Coronavirus Proteins

Coronaviruses are a group of enveloped, positive sense single-stranded RNA viruses that cause respiratory infections in mammals and birds, with symptoms varying from mild to fatal. The primary structural proteins of Coronaviruses are comprised of spike (S) glycoprotein, envelope (E) protein, membrane (M) protein, and nucleocapsid (N) protein. 

The Spike (S) glycoprotein is a transmembrane homotrimer with a molecular weight of about 150 kDa and is found on the outer surface of the viral envelope. Each monomer of the trimeric Spike protein contains two polypeptide subunits-S1 and S2, which mediates host cell attachment and membrane fusion respectively. In SARS-CoV-2, receptor binding domain (RBD) of the Spike protein is located in the C-terminus of S1 subunit and is responsible for the direct contact with ACE2 in host cells. Neutralizing antibodies against the receptor binding domain (RBD) and/or other regions of the Spike protein can prevent ACE2 binding and membrane fusion, thereby blocking viral entry into host cells.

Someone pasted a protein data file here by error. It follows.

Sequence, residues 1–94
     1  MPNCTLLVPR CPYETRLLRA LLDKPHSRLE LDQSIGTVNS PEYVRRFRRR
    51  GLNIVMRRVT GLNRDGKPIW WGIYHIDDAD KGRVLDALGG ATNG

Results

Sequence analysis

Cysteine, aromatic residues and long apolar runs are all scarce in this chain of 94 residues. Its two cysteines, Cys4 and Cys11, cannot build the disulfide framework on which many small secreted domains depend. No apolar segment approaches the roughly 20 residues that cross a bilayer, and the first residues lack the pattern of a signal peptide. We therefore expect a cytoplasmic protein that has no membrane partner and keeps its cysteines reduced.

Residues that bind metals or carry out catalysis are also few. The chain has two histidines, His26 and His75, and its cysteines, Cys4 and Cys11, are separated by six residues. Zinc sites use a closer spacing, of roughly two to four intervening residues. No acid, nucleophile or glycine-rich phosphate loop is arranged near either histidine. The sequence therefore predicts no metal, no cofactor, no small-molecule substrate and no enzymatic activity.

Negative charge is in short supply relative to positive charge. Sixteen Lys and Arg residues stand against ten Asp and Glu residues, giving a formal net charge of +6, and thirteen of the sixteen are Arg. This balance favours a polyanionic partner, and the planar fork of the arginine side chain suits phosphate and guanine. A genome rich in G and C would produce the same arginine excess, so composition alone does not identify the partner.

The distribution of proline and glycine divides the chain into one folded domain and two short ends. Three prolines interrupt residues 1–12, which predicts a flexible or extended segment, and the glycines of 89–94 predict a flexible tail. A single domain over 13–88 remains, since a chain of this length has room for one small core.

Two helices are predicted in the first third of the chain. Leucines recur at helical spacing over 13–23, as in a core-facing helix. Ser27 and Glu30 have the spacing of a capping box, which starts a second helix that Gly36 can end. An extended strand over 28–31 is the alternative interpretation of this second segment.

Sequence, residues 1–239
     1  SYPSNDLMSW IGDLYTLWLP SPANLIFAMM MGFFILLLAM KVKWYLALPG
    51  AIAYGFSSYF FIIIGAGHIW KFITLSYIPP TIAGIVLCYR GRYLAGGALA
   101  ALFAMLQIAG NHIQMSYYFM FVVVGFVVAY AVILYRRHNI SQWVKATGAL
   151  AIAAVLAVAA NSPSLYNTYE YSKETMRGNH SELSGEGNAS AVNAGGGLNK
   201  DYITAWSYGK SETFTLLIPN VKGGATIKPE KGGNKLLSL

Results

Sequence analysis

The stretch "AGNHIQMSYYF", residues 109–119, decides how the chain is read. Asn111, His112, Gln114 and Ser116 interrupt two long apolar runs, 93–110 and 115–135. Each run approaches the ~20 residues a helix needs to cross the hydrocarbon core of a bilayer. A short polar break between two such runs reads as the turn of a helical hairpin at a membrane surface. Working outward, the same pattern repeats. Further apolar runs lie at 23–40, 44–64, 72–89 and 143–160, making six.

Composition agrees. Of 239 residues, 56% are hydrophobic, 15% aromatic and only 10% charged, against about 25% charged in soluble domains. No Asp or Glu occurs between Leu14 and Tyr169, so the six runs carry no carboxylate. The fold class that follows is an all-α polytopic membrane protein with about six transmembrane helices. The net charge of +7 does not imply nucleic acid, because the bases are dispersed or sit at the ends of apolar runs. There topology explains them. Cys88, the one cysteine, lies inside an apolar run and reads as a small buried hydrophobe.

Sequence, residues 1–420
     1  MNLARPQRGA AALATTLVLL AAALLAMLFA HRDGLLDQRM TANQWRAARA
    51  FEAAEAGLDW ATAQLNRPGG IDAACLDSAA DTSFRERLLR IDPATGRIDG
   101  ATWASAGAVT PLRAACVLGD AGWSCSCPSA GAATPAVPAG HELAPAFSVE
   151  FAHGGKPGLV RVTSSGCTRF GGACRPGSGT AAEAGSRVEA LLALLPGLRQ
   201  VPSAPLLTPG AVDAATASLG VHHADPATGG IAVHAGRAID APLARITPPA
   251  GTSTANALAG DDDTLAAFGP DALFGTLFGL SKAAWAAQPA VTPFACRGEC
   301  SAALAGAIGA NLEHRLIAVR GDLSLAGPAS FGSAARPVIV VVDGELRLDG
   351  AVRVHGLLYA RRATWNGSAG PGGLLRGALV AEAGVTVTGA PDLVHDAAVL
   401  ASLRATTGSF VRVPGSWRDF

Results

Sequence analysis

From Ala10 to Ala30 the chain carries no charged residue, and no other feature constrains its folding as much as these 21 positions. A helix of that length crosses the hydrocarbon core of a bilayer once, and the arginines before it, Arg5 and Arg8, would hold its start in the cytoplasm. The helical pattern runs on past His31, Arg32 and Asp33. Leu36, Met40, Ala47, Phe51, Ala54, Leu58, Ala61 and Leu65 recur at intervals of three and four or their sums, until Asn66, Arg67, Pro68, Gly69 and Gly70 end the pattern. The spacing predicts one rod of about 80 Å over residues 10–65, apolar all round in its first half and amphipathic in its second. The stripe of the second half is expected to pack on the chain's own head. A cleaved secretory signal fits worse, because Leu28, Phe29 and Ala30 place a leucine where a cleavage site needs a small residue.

The 3CL main protease (Nsp5), cleaves the sites of nonstructural proteins Nsp4-16 that are translated from the viral RNA.  Replication-essential enzymes such as RdRp or NSP13 are inactive without prior proteolytic release, positioning 3CL main protease as a key enzyme in the viral replication cycle and a promising drug target. Find these and other proteins below.


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